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The engagement ladder

Let’s examine the engagement ladder in Figure 7.1 for a moment before we move to the subject of conversations. I have always used this as a way of thinking about culture change, which really is about encouraging employees to make the choices that change one set of behaviours to the ones needed for performance improvement.

Figure 7.1: The engagement ladder

The first stage of any change process is that of coming to the realization that change is needed. Developing a strategy is beyond my purview for this book, so let’s move quickly to Stage 2 (Figure 7.1). This is where you have decided on your plan, which now needs to be communicated. Through publications, memos, videos and e-mails, you can create awareness of the need for change and the fact of change. Through written means, this is all you will achieve. You will not have got close to the buy-in you need to deliver new behaviours. The third step is to ensure people truly understand what has to happen and why, and get them to participate in deciding what to do. But for people to truly understand what is necessary and what is coming, you need to stand in front of people and allow them to question and probe. People don’t always hear what you’re saying. They listen through a filter of their own views, prejudices, fears and perspectives, and their take-out may be very different from your message. Unless you have checked what they are hearing, given them a chance to clarify, then you cannot be sure that you have communicated.

To build support for the change programme, you move to Stage 4– where smaller meetings are needed in which people can talk about how they feel about the changes, often simply to vent, but from here you can start talking with people about the new behaviours and what they mean. This is the stage where you finally persuade people of the need for change and focus them on what is needed. You have to make it understood. Do people know about the problem? Do they know about their own behaviours? Do they understand what’s necessary? Do they believe change is necessary or relevant to them? Encourage acceptance.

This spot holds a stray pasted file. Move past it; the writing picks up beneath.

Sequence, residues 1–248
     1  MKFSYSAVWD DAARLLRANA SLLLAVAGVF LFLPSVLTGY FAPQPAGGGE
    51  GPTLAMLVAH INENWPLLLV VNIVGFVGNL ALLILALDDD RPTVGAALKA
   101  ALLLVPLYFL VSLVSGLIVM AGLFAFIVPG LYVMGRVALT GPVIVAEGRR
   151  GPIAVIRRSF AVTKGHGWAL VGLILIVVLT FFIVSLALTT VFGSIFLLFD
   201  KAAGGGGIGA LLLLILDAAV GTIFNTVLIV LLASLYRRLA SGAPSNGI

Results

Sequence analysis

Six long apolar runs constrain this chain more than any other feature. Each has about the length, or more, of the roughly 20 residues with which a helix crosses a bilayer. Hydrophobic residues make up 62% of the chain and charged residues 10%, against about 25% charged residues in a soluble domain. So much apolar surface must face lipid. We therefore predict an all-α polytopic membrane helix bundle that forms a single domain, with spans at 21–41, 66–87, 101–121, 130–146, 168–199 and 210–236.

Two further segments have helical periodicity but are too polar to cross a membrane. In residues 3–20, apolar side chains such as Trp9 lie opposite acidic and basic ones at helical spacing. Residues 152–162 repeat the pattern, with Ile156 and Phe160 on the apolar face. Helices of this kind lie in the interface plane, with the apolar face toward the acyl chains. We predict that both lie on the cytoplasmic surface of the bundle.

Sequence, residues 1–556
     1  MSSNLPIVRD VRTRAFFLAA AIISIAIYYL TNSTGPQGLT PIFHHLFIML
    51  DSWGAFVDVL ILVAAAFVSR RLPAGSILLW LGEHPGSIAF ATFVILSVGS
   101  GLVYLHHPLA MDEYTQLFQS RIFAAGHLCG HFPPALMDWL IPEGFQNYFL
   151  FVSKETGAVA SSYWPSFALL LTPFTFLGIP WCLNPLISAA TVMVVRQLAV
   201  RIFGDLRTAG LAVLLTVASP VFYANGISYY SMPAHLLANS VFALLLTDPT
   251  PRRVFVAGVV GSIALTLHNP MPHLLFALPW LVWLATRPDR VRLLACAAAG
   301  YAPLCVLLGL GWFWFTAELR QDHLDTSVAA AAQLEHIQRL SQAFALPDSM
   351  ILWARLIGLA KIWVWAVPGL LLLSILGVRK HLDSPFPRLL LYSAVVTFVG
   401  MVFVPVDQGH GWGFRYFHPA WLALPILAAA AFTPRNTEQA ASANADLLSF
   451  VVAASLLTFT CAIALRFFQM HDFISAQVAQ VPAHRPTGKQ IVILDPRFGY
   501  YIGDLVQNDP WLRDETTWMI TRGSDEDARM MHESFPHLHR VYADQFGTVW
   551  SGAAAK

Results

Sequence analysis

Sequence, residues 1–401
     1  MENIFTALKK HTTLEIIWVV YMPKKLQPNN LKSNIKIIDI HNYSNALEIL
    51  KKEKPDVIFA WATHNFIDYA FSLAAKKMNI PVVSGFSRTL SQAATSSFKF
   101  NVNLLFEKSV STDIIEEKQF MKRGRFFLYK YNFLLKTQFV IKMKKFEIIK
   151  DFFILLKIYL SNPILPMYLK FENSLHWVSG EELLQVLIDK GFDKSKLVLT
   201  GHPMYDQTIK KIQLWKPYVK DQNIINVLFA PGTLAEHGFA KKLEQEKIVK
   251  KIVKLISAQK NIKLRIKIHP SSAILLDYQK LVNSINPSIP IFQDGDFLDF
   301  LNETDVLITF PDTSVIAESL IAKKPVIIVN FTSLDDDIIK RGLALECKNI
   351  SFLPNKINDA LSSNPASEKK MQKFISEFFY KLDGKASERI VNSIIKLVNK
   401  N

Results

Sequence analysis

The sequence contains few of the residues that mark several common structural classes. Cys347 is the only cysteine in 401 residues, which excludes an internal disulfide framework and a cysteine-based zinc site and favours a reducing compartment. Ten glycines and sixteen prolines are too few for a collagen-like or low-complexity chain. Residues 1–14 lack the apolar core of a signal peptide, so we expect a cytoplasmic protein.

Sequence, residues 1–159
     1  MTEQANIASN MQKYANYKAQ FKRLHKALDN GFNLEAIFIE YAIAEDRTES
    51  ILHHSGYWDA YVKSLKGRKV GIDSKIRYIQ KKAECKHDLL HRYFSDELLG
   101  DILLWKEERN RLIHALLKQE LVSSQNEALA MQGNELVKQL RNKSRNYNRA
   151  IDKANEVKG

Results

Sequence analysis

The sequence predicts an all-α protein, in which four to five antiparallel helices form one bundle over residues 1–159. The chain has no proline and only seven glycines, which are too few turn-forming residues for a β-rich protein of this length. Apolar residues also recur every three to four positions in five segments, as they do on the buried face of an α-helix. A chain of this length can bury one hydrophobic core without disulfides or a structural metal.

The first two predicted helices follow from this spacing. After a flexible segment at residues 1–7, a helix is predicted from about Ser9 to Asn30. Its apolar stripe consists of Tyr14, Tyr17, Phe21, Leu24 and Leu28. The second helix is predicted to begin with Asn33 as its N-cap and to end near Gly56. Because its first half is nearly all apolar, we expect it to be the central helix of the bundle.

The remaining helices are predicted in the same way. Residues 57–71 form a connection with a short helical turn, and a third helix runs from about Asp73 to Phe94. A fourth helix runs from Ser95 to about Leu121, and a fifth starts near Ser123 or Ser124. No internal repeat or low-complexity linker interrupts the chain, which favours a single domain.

In order to win their commitment and change their behaviours, you have to move to Stage 5, and have the powerful conversations that allow them to offer up their ideas, and make the choices to which they commit themselves, and empower them to get on with things. This is where conversations are most powerful and most needed.

However, sustaining commitment to the new behaviours means that you have to be constantly removing barriers to change, responding to suggestions, making sure that the support structures are in place and that the teams have the resources and skills they need, as you can see in Stage 6. You have to reward the right behaviours, offer constant encouragement and recognition, make heroes of those who display exemplary behaviours, measure outcomes and feed that back to people to stimulate continuous improvement.

I call this approach FIDAR – find and define, align and refine. When planning your own communications, think about how you phase the communications along these lines. Most leaders I talk to, at this stage, balk at the length of time this process looks like it’s going to take. They wanted to simply tell people and get on with things. This impatience is a killer. Successful leaders know that they have to take the time to have these powerful conversations, because this is the only way of ensuring a speedy and successful change programme.

Successful change comes from a real understanding of people, their habits and their motivations (see Chapter 8.) First you have to look at barriers: what are the things that stop people from adopting a new behaviour? Then you need to consider the triggers. How can you get people to start a new behaviour? Finally you have to consider the motivators – the ways to help people stick with new behaviours.

Using this method will greatly increase the likelihood of delivering successful behaviour change. Simply broadcasting at people, instructing, imploring and exhorting, is very unlikely to deliver the changes required – yet this is most often the preferred methodology of many leaders.

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